Senator Birch Bayh had replaced Kefauver on the Senate subcommittee that considered constitutional amendments, and he tried to get a version of the Kefauver amendment approved in Congress in 1964, after Kennedy’s death. That first effort failed, but Bayh, with President Lyndon Johnson’s support, proposed it again right after Johnson’s inauguration in January 1965.
With the death of Senator Estes Kefauver, a new spot opened up on the Senate Subcommittee for Constitutional Amendments. With that opening in play, a rising star on Capitol Hill in the form of Senator Birch Bayh filed the vacuum and immediately set out to address the urgency of succession.
Senator Bayh had attempted to get a version of the Kefauver amendment approved in Congress in 1964 after Kennedy’s death had occurred. While that initial effort failed, it was revived yet again following the presidential election landslide that was Johnson’s victory, and with Johnson’s support, this time around it was passed in Congress in 1965.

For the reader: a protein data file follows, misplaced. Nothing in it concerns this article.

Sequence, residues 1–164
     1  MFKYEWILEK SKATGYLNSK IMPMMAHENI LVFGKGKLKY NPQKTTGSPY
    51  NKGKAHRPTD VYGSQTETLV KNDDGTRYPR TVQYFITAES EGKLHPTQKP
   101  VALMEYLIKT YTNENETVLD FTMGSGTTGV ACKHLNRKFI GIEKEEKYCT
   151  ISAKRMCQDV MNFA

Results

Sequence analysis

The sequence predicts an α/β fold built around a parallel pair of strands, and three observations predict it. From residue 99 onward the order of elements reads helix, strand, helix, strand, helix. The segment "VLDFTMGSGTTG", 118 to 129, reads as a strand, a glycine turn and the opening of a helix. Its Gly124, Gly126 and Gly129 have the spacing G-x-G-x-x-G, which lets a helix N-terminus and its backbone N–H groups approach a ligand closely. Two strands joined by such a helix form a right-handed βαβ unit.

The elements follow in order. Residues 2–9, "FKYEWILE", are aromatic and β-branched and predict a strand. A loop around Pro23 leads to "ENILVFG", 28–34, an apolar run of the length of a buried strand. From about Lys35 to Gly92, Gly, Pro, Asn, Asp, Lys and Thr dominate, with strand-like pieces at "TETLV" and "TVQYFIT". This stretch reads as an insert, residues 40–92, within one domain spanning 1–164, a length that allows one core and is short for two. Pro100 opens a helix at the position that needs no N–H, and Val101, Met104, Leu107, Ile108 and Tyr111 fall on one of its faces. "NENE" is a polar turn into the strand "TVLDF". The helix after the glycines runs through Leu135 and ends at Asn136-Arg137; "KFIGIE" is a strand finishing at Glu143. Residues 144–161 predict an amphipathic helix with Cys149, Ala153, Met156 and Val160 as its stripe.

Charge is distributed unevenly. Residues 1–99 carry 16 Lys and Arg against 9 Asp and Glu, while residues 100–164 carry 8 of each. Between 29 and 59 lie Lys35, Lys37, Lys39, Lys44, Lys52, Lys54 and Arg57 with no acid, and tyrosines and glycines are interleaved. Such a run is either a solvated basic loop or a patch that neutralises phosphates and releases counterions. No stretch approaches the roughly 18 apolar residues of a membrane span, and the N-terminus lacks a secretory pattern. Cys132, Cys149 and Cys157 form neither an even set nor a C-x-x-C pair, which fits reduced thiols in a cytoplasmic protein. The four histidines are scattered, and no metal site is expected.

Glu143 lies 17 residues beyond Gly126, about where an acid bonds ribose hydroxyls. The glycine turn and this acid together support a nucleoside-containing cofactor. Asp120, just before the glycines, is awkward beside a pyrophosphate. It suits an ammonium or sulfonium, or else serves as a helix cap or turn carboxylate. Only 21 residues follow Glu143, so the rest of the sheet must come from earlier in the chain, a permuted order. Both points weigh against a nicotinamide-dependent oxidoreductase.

Nebraska became the first state to ratify the proposed amendment. After two years of successive ratification efforts, Minnesota was the 37th states and Nevada was the 38th state to ratify the amendment, both on February 10, 1967, making it the law of the land.
The first section of the Amendment finally resolved the constitutional question of what the Vice President’s role truly is when a President dies, resigns, or is otherwise removed from office: He/She becomes the President in complete scope. This was applied for the first time on August 9th, 1974, with the resignation of President Nixon and the assumption of office by the new President, Gerald Ford.
That establishes the history of the 25th amendment and its passage, and yet while it may have primarily focused on ensuring a stable succession, there remains a problem that has become ever more pertinent to the discourse since the election of Donald J. Trump: